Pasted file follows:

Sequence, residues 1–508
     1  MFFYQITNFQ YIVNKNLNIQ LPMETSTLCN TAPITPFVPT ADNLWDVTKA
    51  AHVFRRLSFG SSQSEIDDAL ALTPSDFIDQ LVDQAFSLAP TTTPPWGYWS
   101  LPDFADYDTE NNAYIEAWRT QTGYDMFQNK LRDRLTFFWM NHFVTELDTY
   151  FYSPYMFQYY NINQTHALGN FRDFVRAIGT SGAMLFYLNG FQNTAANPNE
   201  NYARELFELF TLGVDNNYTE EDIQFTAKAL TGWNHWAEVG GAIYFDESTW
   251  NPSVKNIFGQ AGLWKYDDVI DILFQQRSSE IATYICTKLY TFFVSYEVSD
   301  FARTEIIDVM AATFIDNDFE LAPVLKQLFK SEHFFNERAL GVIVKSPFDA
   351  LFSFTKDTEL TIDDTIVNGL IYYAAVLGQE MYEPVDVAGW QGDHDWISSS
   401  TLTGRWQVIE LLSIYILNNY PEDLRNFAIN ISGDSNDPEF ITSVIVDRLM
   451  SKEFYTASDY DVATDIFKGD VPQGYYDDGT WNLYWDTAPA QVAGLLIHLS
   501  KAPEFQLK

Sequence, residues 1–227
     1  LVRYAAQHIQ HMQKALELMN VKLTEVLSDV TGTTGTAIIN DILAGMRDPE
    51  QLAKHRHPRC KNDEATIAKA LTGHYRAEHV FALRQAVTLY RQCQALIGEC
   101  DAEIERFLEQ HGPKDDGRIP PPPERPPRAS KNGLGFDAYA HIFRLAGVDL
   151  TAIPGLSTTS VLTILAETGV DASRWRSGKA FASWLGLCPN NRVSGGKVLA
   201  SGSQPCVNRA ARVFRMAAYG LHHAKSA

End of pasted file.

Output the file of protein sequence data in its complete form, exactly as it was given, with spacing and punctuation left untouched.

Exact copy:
Sequence, residues 1–508
     1  MFFYQITNFQ YIVNKNLNIQ LPMETSTLCN TAPITPFVPT ADNLWDVTKA
    51  AHVFRRLSFG SSQSEIDDAL ALTPSDFIDQ LVDQAFSLAP TTTPPWGYWS
   101  LPDFADYDTE NNAYIEAWRT QTGYDMFQNK LRDRLTFFWM NHFVTELDTY
   151  FYSPYMFQYY NINQTHALGN FRDFVRAIGT SGAMLFYLNG FQNTAANPNE
   201  NYARELFELF TLGVDNNYTE EDIQFTAKAL TGWNHWAEVG GAIYFDESTW
   251  NPSVKNIFGQ AGLWKYDDVI DILFQQRSSE IATYICTKLY TFFVSYEVSD
   301  FARTEIIDVM AATFIDNDFE LAPVLKQLFK SEHFFNERAL GVIVKSPFDA
   351  LFSFTKDTEL TIDDTIVNGL IYYAAVLGQE MYEPVDVAGW QGDHDWISSS
   401  TLTGRWQVIE LLSIYILNNY PEDLRNFAIN ISGDSNDPEF ITSVIVDRLM
   451  SKEFYTASDY DVATDIFKGD VPQGYYDDGT WNLYWDTAPA QVAGLLIHLS
   501  KAPEFQLK

Sequence, residues 1–227
     1  LVRYAAQHIQ HMQKALELMN VKLTEVLSDV TGTTGTAIIN DILAGMRDPE
    51  QLAKHRHPRC KNDEATIAKA LTGHYRAEHV FALRQAVTLY RQCQALIGEC
   101  DAEIERFLEQ HGPKDDGRIP PPPERPPRAS KNGLGFDAYA HIFRLAGVDL
   151  TAIPGLSTTS VLTILAETGV DASRWRSGKA FASWLGLCPN NRVSGGKVLA
   201  SGSQPCVNRA ARVFRMAAYG LHHAKSA